Landfill search turns up 'items of interest' in Joleen Cummings case

Investigators look for clues in disappearance of Nassau County mother

FOLKSTON, Ga. – After sifting through 6.6 million pounds of trash at a South Georgia landfill over the past week, the FBI and Nassau County Sheriff's Office said Friday they found several items of interest in the disappearance of Joleen Cummings. 

The Nassau County mother of three was last seen two months ago.

Nassau County Sheriff Bill Leeper said the search of the Chesser Island Landfill would end at the end of the day, believing they have found the only relevant evidence they were likely to find. The items found would be sent to a lab for analysis.

He described the search conditions as brutal, with teams working with respirators as heat-index temperatures reached 116 degrees. Medical personnel on site treated some of the searchers for heat exhaustion.

"They worked long hours. They're exhausted, but they wanted to push through to see if there was anything we could find," Leeper said. 

Leeper said they will present what evidence they have in her disappearance and presumed death to the State Attorney's Office to see if charges can be filed against Kimberly Kessler, a co-worker of Cummings who was arrested driving Cummings' stolen SUV.

WATCH: Searchers find 'items of interest' in Joleen Cummings case

The landfill search was prompted by surveillance video showing a trash bag Keesler dumped about the time of Cummings' disappearance on Mother's Day weekend. Leeper said they waited until they had exhausted other leads before searching landfill.

"There is one person who knows where Joleen is, and that person is in the Duval County jail, and she's not talking," Leeper said of Kessler.

Cummings' mother, Anne Johnson, spoke after Leeper, thanking the law enforcement personnel for their exhaustive efforts.

"You're making it happen. I want answers more than anybody else wants answers, and I feel confident that we'll have those answers soon," Johnson said. "Maybe today we didn't get the information that we quite all wanted, but we will. Just be patient."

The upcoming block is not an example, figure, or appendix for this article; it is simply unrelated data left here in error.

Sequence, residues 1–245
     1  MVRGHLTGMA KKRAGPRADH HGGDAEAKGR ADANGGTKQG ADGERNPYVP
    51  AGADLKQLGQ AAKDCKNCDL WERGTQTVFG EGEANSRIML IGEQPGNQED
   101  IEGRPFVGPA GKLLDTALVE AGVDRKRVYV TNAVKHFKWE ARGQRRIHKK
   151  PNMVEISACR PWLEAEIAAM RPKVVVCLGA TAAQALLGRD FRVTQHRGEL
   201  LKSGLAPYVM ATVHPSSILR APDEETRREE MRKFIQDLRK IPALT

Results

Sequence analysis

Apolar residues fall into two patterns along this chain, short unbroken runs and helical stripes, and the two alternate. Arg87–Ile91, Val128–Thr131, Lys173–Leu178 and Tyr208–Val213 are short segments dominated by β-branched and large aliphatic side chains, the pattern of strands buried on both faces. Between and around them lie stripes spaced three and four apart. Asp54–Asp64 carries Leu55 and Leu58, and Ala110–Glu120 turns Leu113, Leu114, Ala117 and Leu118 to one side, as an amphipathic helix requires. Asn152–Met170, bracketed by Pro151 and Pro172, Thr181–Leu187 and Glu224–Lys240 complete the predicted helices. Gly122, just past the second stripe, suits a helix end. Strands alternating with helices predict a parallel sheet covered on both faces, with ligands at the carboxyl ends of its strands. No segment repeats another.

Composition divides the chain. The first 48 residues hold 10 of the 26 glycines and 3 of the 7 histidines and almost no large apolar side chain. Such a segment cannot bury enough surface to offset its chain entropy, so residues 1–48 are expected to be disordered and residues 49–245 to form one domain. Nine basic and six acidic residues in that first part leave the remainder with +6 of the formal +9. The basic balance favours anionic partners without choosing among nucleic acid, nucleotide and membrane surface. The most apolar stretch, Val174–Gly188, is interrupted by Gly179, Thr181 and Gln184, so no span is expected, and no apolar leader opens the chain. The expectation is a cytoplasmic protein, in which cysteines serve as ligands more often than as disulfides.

Johnson asked for the community to collectively say a prayer at 7 p.m. Friday for Joleen and her three children.

UNCUT: Joleen's mother, Anne Johnson, confident answers will be found
UNCUT: Nassau County Sheriff Bill Leeper on landfill search

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PHOTOS: FBI images of search | Sky4: Aerials of landfill search

Landfill search

  • 7 days, 7 a.m.-7 p.m.
  • Searched 3,300 tons (6.6 million pounds) of trash
  • 27 search members on scene, plus administrative, medical staff
  • 8 units represented during search: FBI evidence response team; FBI Jacksonville; FBI Atlanta; FBI Jackson, Mississippi; FBI Tampa, Florida; FBI Boston; FBI Washington D.C.; Quantico lab
  • With extreme heat a concern, cooling tents, medics available to searchers
  • Hazard unit monitoring potential dangerous conditions


The landfill search began Saturday as crews geared up in full body suits, gloves, masks, safety glasses and steel-toed boots for protection. 

The sheriff detailed the tedious process. Investigators put trash in a dump truck; take it to a secure, flat area; spread it out; sift through it; collect any potential evidence and set it aside.

FBI Special Agent Charles Spencer admitted the search conditions have been difficult for investigators, who were dealing with extreme heat. 

"We have experts from our lab division who have come down, that are experts in safety, that review the material before we go through it and search it for any obvious hazards. We're doing air-quality monitoring on the site," Spencer said. "Anything that can be done to ensure the safety of our personnel and the success of this operation to help us with the Sheriff's Office investigation is being done."

READ MORE: Who is Kimberly Kessler?

Kessler, who was seen on surveillance parking Cummings' SUV and stepping out of it, was arrested in May and is behind bars in the Duval County Jail after being moved there following a hunger strike in June.

About the Authors:

Digital election producer in 2022. He created in 1995 and managed The Local Station's website through 2021.